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Performance appraisal accountability

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I. Contents of getting performance appraisal accountability

Measuring employee accountability requires setting objective goals you can track, as well as
employer responses when you learn the outcomes. The term employee accountability means
different things to different business people, so youll need to define that metric as you develop
your workforce monitoring policies and procedures.
Define Employee Accountability
The first step in setting up a method for measuring employee accountability is to define exactly
what you want to monitor and track. You might use the word accountability simply to refer to
outcomes, such as number of units produced per month, number of hours billed per week, sales
volumes per rep, phone calls made per week or customer service ratings via surveys returned.
Your definition might refer to the ramifications of employee outcomes. For example, if you set a
$100,000-per-month sales goal for one of your reps and she only sells $75,000 each month, the
employees accountability will take the form of your response. The accountability for missing
her goal might include expanding or contracting her territory, not giving her a bonus, assigning
her a mentor or firing her. The U.S. Office of Personnel Management recommends including
rewards, not just punishment, in accountability programs.
Set Goals vs. Outcomes
Set specific objectives for each employee so you can measure performance fairly and accurately.
This will help you determine the benefits to the company of reaching these goals, the problems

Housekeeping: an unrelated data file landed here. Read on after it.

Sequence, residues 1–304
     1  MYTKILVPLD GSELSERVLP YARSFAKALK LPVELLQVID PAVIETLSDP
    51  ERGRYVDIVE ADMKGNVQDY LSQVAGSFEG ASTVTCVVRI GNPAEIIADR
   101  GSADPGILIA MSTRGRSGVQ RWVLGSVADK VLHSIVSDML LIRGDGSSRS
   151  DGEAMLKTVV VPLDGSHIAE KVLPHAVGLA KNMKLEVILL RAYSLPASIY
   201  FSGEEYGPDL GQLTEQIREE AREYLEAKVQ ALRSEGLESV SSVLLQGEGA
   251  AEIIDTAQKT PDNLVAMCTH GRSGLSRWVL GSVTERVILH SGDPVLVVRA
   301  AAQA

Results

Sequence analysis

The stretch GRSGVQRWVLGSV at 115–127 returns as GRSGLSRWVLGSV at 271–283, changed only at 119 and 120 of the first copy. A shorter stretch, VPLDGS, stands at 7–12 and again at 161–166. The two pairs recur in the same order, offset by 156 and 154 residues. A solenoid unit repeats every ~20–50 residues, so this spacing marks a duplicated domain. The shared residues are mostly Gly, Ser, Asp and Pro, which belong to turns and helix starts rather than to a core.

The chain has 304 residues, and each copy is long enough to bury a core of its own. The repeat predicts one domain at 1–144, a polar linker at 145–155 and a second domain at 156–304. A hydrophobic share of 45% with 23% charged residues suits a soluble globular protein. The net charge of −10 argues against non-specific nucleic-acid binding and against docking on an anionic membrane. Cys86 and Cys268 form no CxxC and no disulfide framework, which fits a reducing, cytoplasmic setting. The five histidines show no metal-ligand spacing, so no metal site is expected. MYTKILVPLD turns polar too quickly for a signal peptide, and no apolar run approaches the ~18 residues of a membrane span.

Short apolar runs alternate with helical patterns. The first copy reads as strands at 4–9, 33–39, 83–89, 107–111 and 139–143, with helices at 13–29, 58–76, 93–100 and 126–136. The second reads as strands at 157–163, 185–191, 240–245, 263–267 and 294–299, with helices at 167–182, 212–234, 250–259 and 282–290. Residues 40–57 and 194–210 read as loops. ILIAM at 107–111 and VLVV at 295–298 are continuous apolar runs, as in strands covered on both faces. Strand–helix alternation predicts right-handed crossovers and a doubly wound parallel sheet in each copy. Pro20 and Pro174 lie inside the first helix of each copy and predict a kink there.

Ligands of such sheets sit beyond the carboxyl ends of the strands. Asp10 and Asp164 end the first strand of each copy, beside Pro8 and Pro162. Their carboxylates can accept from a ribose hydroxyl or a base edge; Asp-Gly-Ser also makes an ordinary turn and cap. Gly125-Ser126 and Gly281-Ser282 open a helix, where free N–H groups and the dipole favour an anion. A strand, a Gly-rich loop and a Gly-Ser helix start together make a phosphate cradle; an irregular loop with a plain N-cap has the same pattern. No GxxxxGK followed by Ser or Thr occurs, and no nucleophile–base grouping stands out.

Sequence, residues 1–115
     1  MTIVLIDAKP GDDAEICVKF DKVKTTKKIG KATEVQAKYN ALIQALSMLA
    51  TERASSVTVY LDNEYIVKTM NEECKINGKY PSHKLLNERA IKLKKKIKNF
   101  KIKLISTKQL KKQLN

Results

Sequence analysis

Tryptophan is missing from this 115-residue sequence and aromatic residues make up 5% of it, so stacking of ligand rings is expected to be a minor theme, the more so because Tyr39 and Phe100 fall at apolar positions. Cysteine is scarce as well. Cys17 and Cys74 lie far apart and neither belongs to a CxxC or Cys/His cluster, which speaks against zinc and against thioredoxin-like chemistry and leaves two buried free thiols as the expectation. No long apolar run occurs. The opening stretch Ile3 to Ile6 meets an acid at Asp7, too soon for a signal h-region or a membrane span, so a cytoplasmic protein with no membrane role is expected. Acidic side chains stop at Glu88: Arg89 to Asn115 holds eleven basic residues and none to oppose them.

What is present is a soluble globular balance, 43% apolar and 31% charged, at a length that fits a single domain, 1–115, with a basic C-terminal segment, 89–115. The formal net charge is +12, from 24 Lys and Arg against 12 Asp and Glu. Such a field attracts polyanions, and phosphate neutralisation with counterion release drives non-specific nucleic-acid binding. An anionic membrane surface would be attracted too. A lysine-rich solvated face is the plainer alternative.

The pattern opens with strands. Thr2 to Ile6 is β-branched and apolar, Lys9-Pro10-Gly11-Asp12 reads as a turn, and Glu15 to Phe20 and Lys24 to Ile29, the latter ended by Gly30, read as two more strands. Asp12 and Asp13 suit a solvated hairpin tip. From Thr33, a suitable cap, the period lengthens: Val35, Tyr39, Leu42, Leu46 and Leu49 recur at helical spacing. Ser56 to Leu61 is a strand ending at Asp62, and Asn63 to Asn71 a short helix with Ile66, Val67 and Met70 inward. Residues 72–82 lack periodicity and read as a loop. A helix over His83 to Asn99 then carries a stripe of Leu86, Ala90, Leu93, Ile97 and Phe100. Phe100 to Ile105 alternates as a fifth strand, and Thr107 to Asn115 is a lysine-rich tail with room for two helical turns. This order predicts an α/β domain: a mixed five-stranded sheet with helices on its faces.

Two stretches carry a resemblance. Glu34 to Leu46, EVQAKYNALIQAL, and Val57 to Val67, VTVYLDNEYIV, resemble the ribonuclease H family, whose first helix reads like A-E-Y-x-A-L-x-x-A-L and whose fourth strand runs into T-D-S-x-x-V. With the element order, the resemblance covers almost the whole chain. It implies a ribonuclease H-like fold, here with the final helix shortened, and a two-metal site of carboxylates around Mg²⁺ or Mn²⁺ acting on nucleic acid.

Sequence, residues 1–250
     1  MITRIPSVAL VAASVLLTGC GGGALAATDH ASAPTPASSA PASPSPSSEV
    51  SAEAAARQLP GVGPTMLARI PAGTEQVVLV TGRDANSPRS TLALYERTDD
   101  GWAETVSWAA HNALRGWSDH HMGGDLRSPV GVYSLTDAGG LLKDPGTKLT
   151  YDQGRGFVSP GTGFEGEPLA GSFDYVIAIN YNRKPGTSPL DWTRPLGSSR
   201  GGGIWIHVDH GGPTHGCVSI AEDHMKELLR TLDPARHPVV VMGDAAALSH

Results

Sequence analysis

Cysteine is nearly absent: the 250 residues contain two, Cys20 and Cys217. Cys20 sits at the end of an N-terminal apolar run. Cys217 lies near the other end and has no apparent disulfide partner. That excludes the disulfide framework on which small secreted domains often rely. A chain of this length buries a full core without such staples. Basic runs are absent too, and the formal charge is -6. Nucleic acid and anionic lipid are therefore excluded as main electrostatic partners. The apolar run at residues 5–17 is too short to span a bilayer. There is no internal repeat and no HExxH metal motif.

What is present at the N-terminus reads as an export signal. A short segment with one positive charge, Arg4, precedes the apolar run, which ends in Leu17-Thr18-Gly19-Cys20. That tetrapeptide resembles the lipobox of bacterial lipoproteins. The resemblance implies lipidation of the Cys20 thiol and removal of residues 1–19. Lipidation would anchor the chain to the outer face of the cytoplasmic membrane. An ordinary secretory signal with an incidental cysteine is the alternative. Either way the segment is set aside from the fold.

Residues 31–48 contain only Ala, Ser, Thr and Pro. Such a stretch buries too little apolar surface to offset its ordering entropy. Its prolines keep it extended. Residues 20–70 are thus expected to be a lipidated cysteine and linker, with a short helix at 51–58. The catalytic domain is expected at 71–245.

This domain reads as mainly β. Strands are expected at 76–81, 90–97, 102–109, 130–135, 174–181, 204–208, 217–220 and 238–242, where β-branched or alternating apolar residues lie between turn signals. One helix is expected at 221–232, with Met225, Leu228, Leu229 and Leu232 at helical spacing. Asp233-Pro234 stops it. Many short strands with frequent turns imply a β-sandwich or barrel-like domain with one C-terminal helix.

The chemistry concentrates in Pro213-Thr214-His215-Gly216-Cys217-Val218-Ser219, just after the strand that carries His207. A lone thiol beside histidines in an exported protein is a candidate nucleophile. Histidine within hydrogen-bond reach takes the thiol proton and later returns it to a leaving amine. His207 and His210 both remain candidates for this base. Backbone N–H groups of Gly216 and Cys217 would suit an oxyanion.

missing these goals cause the business and the response youll need to take to address the

problem. Work with department heads, each employees direct supervisor and individual
employees to set the performance goals for which staff members will be held accountable. If you
dont have written job descriptions for each employee, create them to help guide your goalsetting, assist supervisors in managing subordinates and allow employees to understand exactly
whats expected of them.
Analyze Objective and Subjective Performance Metrics
Once youve set your goals and objectives, review the performance of your employees. In
addition to analyzing objective measurements, such as attendance and outputs, look at subjective
performance characteristics. These can include employee innovation, people skills, leadership
abilities, teamwork and contribution to company morale. Use a point scale from 1 to 10 to rate
how well employees perform in each area. Assign a final score to each employees overall
performance, based on how each position -- not employee -- performed for the company based
on your expectation for the position when you created it.
Conduct Employee Reviews
Using your goals, objectives, measurements and analysis of position performance, hold an
annual performance review for each employee. List the objectives you set for each employee and
his position and write the outcomes, possible reasons for them, what response you might need to
take based on these outcomes and whether or not you need to reassess the employees job
description. Get input from managers before you meet with employees, and allow employees to
submit a pre-review self-assessment with recommendations.

III. Performance appraisal methods

1. Essay Method
In this method the rater writes down the employee
description in detail within a number of broad categories